Moment’s ago, Apple confirmed they are acquiring Beats Electronics and, once the acquisition is approved, they will begin working on a roadmap together. In this Insider analysis, I share some perspective on the hardware side of the company. At the end of the article, I tease out how this deal may play into the future of entertainment. That is where I think the real pot of gold is in this deal.
Hollywood and the tech industry have never seen eye to eye. During my time working with labels, I realized this was front and center. They are two completely different industries with differing culture in every which way. Yet these two industries need each other to advance. Hollywood’s content wants to be digital, with a supporting business model, and be offered to the masses. Technology is the mechanism for taking it there.
“The ugly truth is that there is such a Berlin Wall between Silicon Valley and L.A.,” Mr. Cook said in an interview. “The two don’t respect each other, don’t understand each other.
“We think these guys have a very rare talent,” Mr. Cook continued. “We love the subscription service that they built—we think it’s the first one that really got it right.”
Rare talent to be sure. All things that sound very Apple-esque. Jimmy Iovine is one of the most powerful people in the entertainment industry and I am betting his vision goes far beyond music. But the pot of gold at the end of the rainbow could be content as differentiation. While I acknowledge this is a very hard long shot, and has been tried before, the kind of weight the Beats team has with decision makers has had not been a variable in many of the prior efforts.
What makes Apple’s products stand out is they are differentiated by hardware and by software. Much of their software runs on no other computers than their own. What if they can bring content into this fold? What if they can acquire exclusive deals, even if exclusive for short time windows, that are only available on their hardware and through their software? Then what if they do release lower cost phones in the $350 range? If you are in China, India, Brazil, Indonesia, and you are a fan of American music, movies, and even TV, would you pay $100 or $200 more for exclusive hardware, software, and content? Again, while I acknowledge the difficulty or “moon shot” of this effort, content (beyond apps) is an interesting differentiator if done right.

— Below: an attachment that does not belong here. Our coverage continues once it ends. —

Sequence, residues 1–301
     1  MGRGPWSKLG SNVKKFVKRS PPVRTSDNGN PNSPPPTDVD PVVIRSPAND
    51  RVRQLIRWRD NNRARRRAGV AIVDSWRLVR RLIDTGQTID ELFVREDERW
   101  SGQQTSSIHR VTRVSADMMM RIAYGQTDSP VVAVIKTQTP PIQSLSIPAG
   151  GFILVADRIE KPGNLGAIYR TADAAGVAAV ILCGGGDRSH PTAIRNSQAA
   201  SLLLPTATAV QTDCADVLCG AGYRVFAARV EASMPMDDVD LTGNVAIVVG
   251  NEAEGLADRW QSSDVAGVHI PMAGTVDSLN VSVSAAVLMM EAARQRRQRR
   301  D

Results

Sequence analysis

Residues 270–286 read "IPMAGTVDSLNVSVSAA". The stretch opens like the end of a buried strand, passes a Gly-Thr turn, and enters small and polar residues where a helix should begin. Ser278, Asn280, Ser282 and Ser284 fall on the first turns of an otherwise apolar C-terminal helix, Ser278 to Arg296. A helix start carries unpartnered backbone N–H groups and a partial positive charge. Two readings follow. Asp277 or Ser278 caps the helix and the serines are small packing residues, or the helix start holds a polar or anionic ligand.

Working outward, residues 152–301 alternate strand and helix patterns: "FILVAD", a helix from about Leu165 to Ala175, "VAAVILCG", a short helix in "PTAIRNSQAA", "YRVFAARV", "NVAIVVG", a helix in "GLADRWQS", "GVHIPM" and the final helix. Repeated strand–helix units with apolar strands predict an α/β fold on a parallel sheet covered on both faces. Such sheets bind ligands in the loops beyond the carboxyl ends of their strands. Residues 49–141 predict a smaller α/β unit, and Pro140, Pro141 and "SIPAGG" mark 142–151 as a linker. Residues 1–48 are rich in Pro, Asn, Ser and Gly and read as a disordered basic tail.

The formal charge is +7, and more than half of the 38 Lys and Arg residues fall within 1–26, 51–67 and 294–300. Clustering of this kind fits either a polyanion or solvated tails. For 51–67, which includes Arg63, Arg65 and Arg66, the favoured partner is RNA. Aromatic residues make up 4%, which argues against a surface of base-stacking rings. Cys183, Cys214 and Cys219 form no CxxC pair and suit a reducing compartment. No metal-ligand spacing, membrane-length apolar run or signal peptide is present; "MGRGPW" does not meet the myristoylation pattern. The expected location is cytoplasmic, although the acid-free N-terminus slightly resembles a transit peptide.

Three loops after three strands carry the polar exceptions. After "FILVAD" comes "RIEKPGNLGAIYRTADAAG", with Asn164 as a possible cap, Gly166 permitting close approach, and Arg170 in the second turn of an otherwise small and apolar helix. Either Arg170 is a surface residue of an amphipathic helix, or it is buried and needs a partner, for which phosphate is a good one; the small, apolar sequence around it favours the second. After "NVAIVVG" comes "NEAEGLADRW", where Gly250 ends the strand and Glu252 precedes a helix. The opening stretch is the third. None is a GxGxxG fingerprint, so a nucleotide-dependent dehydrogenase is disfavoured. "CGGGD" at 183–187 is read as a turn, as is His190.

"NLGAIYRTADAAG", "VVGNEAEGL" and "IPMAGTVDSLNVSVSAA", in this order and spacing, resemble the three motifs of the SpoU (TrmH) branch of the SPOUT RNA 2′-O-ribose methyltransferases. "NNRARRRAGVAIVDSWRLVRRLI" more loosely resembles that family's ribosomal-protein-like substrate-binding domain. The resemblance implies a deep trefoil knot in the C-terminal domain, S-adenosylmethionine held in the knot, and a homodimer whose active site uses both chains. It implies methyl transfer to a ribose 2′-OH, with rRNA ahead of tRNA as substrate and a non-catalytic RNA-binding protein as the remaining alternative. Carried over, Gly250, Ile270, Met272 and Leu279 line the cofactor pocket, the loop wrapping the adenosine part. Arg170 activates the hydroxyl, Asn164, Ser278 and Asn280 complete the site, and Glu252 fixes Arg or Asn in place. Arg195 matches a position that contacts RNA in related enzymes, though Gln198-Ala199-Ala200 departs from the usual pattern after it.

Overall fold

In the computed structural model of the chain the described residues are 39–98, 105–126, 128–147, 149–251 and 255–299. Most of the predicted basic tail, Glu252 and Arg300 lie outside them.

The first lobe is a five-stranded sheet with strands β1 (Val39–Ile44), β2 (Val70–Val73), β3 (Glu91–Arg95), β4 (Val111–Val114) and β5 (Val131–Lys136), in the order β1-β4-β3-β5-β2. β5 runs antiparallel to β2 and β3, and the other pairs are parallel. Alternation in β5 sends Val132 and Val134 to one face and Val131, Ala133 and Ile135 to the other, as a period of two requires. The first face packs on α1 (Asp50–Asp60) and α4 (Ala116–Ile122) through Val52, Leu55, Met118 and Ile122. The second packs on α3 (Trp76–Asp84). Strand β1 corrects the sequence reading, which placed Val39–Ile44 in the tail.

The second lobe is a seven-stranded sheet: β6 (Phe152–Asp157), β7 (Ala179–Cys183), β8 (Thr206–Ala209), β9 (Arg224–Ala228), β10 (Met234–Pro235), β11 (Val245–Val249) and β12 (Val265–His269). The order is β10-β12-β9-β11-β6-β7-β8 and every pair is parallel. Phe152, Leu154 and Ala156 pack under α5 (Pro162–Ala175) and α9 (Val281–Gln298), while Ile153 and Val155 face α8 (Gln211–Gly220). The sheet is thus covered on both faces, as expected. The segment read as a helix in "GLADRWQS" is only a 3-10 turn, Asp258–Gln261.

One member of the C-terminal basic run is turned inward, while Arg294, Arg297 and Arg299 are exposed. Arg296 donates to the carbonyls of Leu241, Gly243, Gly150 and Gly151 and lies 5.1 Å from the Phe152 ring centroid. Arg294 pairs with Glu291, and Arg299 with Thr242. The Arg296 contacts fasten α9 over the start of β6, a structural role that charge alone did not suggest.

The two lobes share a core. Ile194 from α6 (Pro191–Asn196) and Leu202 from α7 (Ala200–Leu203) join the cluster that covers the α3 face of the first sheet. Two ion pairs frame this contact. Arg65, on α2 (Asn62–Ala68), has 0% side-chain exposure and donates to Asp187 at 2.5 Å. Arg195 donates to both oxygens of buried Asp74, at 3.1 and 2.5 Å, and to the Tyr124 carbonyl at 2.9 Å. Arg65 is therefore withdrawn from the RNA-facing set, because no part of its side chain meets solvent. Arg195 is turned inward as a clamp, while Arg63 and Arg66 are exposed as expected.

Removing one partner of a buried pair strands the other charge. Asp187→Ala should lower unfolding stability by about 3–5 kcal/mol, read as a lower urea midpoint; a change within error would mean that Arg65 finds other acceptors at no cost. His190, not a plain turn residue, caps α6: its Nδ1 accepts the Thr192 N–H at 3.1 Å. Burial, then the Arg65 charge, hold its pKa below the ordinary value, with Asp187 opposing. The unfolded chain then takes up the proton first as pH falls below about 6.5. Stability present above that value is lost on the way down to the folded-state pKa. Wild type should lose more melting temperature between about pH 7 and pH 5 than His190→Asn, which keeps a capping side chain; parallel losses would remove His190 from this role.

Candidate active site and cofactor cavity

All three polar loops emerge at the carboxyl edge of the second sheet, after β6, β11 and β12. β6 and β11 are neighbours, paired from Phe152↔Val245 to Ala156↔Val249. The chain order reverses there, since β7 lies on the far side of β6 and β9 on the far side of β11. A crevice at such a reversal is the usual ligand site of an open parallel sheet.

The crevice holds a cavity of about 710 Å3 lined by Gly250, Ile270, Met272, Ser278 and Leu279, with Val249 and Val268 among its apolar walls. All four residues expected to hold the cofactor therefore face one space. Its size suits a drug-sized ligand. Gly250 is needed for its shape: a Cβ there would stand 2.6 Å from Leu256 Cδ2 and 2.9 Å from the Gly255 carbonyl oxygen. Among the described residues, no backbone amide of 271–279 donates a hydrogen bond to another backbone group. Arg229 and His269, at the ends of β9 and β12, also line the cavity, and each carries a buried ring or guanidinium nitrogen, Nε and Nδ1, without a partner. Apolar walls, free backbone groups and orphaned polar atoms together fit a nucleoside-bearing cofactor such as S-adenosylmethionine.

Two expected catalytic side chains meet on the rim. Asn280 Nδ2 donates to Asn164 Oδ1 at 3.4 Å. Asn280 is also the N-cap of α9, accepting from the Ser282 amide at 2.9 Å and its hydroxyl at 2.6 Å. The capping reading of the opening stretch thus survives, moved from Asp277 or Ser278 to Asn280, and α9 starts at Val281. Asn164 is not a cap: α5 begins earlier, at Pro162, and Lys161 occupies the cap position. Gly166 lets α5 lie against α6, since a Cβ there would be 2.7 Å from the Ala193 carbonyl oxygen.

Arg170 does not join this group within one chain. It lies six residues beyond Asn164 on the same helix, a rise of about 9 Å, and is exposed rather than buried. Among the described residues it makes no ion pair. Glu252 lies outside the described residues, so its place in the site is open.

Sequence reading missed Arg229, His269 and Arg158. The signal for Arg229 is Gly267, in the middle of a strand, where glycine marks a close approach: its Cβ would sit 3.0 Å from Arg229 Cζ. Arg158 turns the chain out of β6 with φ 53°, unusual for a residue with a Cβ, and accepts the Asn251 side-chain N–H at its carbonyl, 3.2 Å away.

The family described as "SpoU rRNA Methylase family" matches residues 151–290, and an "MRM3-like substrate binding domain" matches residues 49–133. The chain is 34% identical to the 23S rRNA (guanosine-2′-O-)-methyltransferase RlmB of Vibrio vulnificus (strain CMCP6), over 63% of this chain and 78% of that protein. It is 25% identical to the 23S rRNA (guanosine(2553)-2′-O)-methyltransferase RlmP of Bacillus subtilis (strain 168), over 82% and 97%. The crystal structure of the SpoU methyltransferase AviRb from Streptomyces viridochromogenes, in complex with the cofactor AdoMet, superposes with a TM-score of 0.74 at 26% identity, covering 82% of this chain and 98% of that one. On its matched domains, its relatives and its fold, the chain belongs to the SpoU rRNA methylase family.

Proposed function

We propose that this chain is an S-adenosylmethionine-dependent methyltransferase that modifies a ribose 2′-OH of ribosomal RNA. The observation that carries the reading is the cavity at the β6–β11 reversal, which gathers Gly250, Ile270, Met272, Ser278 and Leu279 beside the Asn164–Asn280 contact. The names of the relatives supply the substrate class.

If Apple can bring the universe of Hollywood and consumer tech together it could be monumental, with many new sustainable revenue streams for all parties at a global level. Hollywood content is extremely popular in every major market across the globe. We can’t underestimate how valuable this content is at a global level.
Things like this are never easy and there are never any guarantees. If there is a bigger vision behind this acquisition on the future of entertainment in a global digital world then it will certainly be worth it. If my contacts in the entertainment industry are right in what they tell me about how powerful the team is, particularly Jimmy Iovine, then Apple may very well be in the driver’s seat for the future of entertainment. The next few years will be interesting to watch to see the fruit that comes from this deal.
Another interesting tidbit is that the Beats service will be available on Android and Windows Phone. What makes this interesting is, for Android in particular, that service could serve as the first experience with an Apple product for hundreds of millions and soon to be billions of potential customers. I would argue that Apple paved the way for their future success in iPhone and iPad by bringing iTunes to Windows. It helped get iPods in the hands of millions of people who never owned an Apple product. Much great research exists that point out that once a customer tries one of your products they strongly consider more in the future.
What is Apple’s halo product for billions of mid-low end Android users that could sway them into the Apple ecosystem? Perhaps Beats Music, or even the headphones, are a step in that direction.
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